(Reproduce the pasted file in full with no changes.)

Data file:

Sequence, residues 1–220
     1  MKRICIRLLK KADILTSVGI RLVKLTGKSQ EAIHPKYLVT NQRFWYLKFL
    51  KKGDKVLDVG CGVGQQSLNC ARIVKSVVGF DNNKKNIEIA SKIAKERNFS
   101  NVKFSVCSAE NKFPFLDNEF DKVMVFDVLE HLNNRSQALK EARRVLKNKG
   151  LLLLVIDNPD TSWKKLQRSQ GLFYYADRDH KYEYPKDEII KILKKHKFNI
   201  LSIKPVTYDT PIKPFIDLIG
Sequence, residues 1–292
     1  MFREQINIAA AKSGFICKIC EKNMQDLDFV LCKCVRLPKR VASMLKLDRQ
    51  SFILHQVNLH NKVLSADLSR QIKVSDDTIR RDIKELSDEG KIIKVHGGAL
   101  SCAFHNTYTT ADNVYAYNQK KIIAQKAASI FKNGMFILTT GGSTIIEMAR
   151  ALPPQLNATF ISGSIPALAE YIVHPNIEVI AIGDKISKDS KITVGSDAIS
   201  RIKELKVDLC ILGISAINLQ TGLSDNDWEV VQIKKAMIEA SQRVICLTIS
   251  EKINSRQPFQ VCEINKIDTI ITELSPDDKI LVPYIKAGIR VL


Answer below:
Sequence, residues 1–220
     1  MKRICIRLLK KADILTSVGI RLVKLTGKSQ EAIHPKYLVT NQRFWYLKFL
    51  KKGDKVLDVG CGVGQQSLNC ARIVKSVVGF DNNKKNIEIA SKIAKERNFS
   101  NVKFSVCSAE NKFPFLDNEF DKVMVFDVLE HLNNRSQALK EARRVLKNKG
   151  LLLLVIDNPD TSWKKLQRSQ GLFYYADRDH KYEYPKDEII KILKKHKFNI
   201  LSIKPVTYDT PIKPFIDLIG
Sequence, residues 1–292
     1  MFREQINIAA AKSGFICKIC EKNMQDLDFV LCKCVRLPKR VASMLKLDRQ
    51  SFILHQVNLH NKVLSADLSR QIKVSDDTIR RDIKELSDEG KIIKVHGGAL
   101  SCAFHNTYTT ADNVYAYNQK KIIAQKAASI FKNGMFILTT GGSTIIEMAR
   151  ALPPQLNATF ISGSIPALAE YIVHPNIEVI AIGDKISKDS KITVGSDAIS
   201  RIKELKVDLC ILGISAINLQ TGLSDNDWEV VQIKKAMIEA SQRVICLTIS
   251  EKINSRQPFQ VCEINKIDTI ITELSPDDKI LVPYIKAGIR VL